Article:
CHARLES M. WILTSE ( 1907- ), in his three-volume biography of Calhoun, wrote one of the more complete and impressive analyses of the Jackson era. Like Abernethy, he is a meticulous and scholarly historian whose work is both thorough and profound. In his pages Calhoun becomes the far-seeing statesman, strong in character and steadfast in principle. Jackson assumes the role of a popular but indiscreet and quick tempered authoritarian, while his political lieutenants are not infrequently placemen more interested in power and spoil than in maintaining constitutional government or in consistency to announced policies.*
When Congress assembled on December 3, 1832, the Senate was again under the necessity of electing a President pro tempore. [Littleton W.] Tazewell [senator from Virginia] had resigned his seat late in October, on the ground that as part of a hopeless minority he could accomplish nothing for his state. Calhoun was still in South Carolina; but it was already known in Washington, and pretty generally over the country, that he was to replace [Robert Y.] Hayne as Senator and so would not return to the chair of the Senate. The President pro tempore, therefore, would be the permanent presiding officer for the remainder of the Congress; and whoever held that post would be automatically barred from taking more than a nominal part in the stormy debates over the tariff and nullification that were anticipated. It was for that reason that George Poindexter [of Mississippi], who had been Tazewell's closest competitor for the honor at the previous session, withdrew his own name before the balloting started.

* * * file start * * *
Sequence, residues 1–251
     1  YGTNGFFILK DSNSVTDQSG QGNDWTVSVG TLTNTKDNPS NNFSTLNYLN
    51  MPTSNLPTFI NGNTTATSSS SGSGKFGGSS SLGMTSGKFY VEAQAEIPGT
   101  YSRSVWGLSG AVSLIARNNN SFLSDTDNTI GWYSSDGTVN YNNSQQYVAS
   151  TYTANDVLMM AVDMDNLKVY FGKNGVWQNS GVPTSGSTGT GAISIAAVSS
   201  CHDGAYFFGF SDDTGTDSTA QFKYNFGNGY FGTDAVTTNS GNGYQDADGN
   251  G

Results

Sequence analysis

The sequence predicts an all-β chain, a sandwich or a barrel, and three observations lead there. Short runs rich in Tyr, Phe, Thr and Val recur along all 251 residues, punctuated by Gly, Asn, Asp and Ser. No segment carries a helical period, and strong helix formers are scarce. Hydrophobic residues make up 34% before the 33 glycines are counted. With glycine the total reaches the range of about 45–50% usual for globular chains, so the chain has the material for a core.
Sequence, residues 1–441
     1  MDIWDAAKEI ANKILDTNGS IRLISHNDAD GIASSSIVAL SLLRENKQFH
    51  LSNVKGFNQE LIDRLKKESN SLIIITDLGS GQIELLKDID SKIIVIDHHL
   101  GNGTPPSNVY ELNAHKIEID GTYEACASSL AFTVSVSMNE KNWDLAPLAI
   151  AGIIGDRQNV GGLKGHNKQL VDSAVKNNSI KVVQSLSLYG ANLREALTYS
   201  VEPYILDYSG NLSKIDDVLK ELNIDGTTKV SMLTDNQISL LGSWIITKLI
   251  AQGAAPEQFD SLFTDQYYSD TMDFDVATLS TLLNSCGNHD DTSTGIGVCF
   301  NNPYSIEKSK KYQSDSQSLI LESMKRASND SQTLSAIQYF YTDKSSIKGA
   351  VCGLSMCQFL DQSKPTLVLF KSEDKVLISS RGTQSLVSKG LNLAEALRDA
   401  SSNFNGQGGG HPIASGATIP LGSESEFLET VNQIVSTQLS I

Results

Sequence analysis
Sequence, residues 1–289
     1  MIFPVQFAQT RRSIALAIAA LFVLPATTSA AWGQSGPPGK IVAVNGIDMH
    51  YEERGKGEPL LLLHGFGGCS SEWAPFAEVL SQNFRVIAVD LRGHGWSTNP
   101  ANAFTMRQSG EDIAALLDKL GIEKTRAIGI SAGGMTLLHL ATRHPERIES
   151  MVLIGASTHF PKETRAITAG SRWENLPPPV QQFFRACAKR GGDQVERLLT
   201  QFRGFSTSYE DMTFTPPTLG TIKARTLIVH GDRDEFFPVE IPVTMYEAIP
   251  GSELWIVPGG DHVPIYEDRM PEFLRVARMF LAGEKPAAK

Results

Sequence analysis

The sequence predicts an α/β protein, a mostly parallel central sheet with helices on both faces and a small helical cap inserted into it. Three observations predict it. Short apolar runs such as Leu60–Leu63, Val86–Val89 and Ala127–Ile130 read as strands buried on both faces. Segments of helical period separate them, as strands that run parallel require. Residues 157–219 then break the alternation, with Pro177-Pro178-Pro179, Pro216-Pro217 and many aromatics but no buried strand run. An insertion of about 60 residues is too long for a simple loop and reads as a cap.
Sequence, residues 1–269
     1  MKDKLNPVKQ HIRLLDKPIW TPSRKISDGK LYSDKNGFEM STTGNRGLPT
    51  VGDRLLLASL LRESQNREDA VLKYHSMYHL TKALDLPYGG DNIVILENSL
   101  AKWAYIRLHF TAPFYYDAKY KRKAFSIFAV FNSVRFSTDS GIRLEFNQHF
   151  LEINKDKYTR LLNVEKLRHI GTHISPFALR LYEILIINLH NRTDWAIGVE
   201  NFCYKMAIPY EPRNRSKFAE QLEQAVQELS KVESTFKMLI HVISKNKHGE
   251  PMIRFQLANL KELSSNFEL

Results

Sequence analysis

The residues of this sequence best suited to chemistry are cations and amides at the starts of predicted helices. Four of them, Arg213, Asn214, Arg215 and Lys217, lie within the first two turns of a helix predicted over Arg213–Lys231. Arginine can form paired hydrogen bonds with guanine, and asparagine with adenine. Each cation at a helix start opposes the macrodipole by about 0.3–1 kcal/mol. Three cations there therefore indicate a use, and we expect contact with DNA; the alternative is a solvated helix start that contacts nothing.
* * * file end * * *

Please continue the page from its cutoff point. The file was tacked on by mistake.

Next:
The voting quickly concentrated on Hugh Lawson White of Tennessee and John Tyler of Virginia, with Tyler throwing his own strength to White on the fifth ballot. The arrangement meant that the President and the acting Vice President would be from the same state,____________________